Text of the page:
On Guy Clark’s “Anyhow, I Love You” by Shannon Tharp


I miss Guy Clark. I never met Guy Clark. But I know enough about his place in the world of country music and the musicians who orbited him—enough to say that there will never be another singer-songwriter who comes close to living life on his own terms and making brilliant songs the way Clark did. When I think of him, I think of the opening credits of James Szalapski’s Heartworn Highways, in which Clark sings “L.A. Freeway” beautifully. When the song ends he reaches offscreen for his lit cigarette, takes a drag, looks at whoever’s filming, and says of the way he played: “A little loose.”

I also think of the love Clark held for his wife, Susanna. I try not to be prescriptive, but if you haven’t listened to “My Favorite Picture of You”—a song Clark wrote about a decades-old picture of Susanna, a picture in which (per Clark’s words) Susanna is pissed off at Clark and Townes Van Zandt for getting too drunk—you should. You might not make it through without crying. I can’t. Clark wrote the song not long before Susanna passed away in 2012.

But the song I’m meaning to write about is “Anyhow, I Love You,” from 1976’s Texas Cookin’, Clark’s second album. The song’s a ballad, and a relatively unsentimental one at that. Emmylou Harris, Rodney Crowell, and Waylon Jennings can all be heard singing with Clark at one point or another throughout. For me, the greatest moment in the song occurs when Clark says—not sings, says—“don’t” at the end of the phrase “So when you feel like runnin’ for the back door, don’t.” That one word said plainly and quietly, as though you and your beloved have arrived at the end of a dumb argument, don’t remember what you were arguing about, just drop it: don’t. This is part of Clark’s brilliance, making something sung sound as though it’s said. It’s how the song welcomes the listener, makes room for the listener to stay.

And then there’s “I wouldn’t trade a tree for the way I feel about you,” the line upon which the whole hymn-like waltz crescendos, along with the singers, to the finish. It’s also one of the lines that Waylon Jennings can best be heard on, almost hollering the final time he sings “about you.” Who wouldn’t want to have that line sung or said to them, for them? We don’t talk about good, true love enough as it is anyhow.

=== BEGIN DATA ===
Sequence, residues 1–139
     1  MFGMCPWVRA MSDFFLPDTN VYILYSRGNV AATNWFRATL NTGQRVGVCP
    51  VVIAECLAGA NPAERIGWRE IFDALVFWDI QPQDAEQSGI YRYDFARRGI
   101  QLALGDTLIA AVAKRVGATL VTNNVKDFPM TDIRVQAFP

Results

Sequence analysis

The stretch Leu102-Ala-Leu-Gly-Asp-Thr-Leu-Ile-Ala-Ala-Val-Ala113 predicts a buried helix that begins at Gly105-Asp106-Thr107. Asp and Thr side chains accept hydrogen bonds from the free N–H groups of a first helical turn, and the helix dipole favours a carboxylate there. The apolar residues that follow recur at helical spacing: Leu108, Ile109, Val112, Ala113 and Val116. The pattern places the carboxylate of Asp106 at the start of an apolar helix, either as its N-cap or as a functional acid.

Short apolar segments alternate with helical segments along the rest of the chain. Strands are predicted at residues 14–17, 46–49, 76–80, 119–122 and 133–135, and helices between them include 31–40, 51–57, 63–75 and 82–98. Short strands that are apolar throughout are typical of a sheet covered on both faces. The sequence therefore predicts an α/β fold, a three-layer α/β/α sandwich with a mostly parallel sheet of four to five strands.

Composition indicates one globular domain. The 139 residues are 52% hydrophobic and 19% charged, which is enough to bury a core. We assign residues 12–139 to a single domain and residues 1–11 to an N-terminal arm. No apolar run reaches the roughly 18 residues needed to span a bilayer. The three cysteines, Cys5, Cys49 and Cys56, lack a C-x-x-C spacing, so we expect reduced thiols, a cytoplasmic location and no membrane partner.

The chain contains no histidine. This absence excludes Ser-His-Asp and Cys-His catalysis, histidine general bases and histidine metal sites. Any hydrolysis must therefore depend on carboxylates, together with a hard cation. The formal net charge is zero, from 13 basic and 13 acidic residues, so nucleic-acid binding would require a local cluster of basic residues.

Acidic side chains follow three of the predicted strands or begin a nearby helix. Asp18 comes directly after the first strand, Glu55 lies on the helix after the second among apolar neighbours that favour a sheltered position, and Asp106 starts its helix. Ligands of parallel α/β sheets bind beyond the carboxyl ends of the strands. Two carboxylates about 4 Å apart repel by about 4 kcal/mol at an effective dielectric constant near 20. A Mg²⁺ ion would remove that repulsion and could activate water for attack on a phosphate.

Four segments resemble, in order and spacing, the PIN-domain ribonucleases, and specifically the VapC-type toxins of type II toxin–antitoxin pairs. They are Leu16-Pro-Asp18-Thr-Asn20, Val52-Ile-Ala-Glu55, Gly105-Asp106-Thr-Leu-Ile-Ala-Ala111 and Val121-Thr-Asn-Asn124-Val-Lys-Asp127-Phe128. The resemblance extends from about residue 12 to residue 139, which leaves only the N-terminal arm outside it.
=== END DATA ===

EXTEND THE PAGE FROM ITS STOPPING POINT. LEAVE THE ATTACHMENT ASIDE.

Aside from love, there’s absence of money in the song. Clark begins carefully, “I wish I had a dime for every bad time / But the bad times always seem to keep the change.” Awhile later, as though the singer’s looked around to find anything in proximity that could end up money—the paper on which currency is printed, lumber sold for building—the listener is given the tree the song turns around. It’s a radiant gift, the singer’s eventual disregard of money.

For every song that addresses difficult love, troubled love, bad love, mediocre love (I could keep going, but I won’t), there’s “Anyhow, I Love You.” It sounds as though it’s always been there waiting for you to listen, waiting for you to carry it with you across whatever time remains.



Why do I continue
to force false

all I’m trying
to say is it hurts

to live like this,
to look

to whatever
may be beyond.

forcoldfrontShannon Tharp is the author of The Cost of Walking (Skysill Press, 2011) and Vertigo in Spring (The Cultural Society, 2013). Her poems and essays have recently appeared in The Brooklyn RailThe RS 500Typo, and The Volta. She lives in Laramie, Wyoming.

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Contact Jackie Clark: jackie [at] coldfrontmag [dot] com.

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